While considering the common challenges we’ve discussed above (and more challenges you may face), here are some of the most important event planning and management best practices to help you achieve success. 

Let’s start with number one.

1. Define Your Event’s Purpose and Goals

What is your purpose for hosting the event in the first place? What are your goals?

Many companies and event organizers made the same mistake of hosting an event for the sake of hosting an event. Without clear goals, you won’t be able to plan the right planning steps and measure your event’s performance. You won’t be able to accurately calculate your event ROI and prove its value to sponsors and competitors. 

Planning an event without a clear purpose and objectives is literally setting you up for failure.

Evaluate your company’s overall business goals (or the client’s business goals if you are an event planner working for a client), and identify how the event can help you achieve these goals. 

Use the SMART goal principle to define your event objectives:

  • Specific: your goal should be as clear and specific as possible and easy to explain to team members and stakeholders to avoid confusion.
  • Measurable: you should be able to measure your performance against this goal by monitoring certain metrics and assigning KPIs.
  • Attainable: realistic and achievable. Setting too big of a goal can be counterproductive, as you may hurt your team’s morale.
  • Relevant: relevant to your organization’s overall goal, as discussed above.
  •  Time-bound: for event planning, this shouldn’t be an issue. The D-day of the event will be your deadline.

Some examples of SMART event goals are:

  • Gaining 1,000 more social media mentions before, during, and a week after the event
  • Generating 100 more leads within a month after the event
  • Gaining 100 social media followers on sponsor’s social media account

2. Knowing and Understanding Your Target Audience

Now that you’ve defined your event goals, the next step you should do is to identify the ideal audience in achieving these goals.

For example:

  • If the event’s goal is to generate new leads or build brand awareness, then the logical step is to target those who are similar to your (or your client’s) existing customer profile but are not yet your customers.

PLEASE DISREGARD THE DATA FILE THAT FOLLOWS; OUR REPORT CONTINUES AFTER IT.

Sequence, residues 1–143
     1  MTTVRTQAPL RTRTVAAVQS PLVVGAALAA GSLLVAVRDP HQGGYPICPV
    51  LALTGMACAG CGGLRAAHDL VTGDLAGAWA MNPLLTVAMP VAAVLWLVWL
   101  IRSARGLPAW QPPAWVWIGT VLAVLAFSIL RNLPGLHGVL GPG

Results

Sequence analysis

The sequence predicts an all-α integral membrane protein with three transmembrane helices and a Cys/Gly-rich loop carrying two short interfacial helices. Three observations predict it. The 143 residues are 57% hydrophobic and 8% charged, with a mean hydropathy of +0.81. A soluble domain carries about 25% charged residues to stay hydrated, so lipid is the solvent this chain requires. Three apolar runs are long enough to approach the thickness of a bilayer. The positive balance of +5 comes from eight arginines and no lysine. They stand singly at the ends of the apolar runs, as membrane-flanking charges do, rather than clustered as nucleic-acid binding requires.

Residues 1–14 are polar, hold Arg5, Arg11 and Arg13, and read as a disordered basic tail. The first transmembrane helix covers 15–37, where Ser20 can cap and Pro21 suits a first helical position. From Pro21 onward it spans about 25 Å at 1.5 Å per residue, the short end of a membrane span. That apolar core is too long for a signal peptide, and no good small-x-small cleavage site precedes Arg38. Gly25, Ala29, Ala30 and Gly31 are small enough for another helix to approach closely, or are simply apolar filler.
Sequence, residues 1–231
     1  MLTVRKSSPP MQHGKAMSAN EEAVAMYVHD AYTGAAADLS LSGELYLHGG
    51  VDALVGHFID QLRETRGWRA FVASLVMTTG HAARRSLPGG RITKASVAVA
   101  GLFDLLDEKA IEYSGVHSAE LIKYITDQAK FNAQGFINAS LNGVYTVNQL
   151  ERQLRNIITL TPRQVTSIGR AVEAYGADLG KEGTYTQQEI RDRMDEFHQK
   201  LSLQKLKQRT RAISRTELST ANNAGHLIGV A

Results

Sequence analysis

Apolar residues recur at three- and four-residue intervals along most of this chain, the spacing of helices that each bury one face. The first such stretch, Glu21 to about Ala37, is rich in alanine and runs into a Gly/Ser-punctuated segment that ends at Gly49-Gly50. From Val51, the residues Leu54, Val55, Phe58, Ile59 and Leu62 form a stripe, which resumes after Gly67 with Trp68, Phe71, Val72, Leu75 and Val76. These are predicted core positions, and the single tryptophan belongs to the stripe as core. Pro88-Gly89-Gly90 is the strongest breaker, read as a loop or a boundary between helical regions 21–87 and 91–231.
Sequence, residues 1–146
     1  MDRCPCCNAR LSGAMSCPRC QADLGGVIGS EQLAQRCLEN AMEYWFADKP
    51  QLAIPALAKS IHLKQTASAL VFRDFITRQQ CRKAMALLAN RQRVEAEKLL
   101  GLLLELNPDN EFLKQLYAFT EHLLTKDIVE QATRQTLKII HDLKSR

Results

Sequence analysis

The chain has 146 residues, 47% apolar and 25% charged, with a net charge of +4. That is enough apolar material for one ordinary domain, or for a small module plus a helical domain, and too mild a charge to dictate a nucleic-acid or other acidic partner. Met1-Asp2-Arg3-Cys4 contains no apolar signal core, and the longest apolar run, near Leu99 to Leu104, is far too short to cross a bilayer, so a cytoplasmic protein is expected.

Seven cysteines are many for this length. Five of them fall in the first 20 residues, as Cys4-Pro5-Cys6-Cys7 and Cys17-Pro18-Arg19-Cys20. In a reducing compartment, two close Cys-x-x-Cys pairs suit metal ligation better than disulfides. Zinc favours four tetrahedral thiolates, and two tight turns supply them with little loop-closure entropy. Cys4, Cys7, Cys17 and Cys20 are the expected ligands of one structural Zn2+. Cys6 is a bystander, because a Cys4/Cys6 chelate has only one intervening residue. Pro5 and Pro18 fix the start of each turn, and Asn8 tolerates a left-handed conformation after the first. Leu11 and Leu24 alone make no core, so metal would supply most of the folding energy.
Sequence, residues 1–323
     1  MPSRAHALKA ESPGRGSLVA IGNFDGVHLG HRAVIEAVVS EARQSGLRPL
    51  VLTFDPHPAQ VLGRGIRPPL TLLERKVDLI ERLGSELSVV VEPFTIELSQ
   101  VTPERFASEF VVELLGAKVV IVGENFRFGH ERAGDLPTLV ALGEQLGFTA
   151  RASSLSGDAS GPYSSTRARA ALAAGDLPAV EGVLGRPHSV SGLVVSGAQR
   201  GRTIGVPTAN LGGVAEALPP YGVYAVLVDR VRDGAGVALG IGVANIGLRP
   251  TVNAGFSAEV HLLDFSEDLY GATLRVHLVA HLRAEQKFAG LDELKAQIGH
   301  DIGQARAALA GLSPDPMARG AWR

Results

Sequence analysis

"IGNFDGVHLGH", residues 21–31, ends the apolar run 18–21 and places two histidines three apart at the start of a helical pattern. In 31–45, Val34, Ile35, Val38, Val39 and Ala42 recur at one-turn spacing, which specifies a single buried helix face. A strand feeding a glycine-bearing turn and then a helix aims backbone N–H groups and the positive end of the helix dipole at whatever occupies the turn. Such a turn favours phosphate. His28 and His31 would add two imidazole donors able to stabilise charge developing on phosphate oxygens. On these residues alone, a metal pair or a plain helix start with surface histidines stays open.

• If the event goal is to improve customer retention and encourage engagement, then target your (or your client’s current customers)
  • If this is a nonprofit event and you are supporting a cause. Target those who are also interested (or might be interested) to support the cause.

Once you’ve identified this target audience, then you should gather as much information as you can about them: their demographics data, their behaviors, online activities, and what attracts/motivates them.

The better you understand your target audience, the better you can design an event that truly caters to them, and also the better you can structure a marketing strategy to attract and motivate them to attend.

3. Establish Your Event Budget As Early as Possible

Now that you’ve identified your target audience and your event objective, you should be able to develop a high-level plan for the event:

  • Will this be an in-person, virtual, or hybrid event?
  • The type of the event (i.e., webinar, conference, concert, trade show/expo, keynote speaker, and so on)
  • The date/time of the event (at least a rough timeline)
  • Venue shortlist 
  • Number of attendees to expect
  • Technology solutions you’ll need
  • Staff/volunteers, you’ll need

And so on. 

Based on these high-level details, you can also start estimating your budget. 

The earlier you estimate an event budget, the more time you’ll have to choose the best possible vendors, secure your sponsors, and especially, to promote your event. So, as early as possible in the event cycle, you should estimate the cost of high-level items, including but not limited to: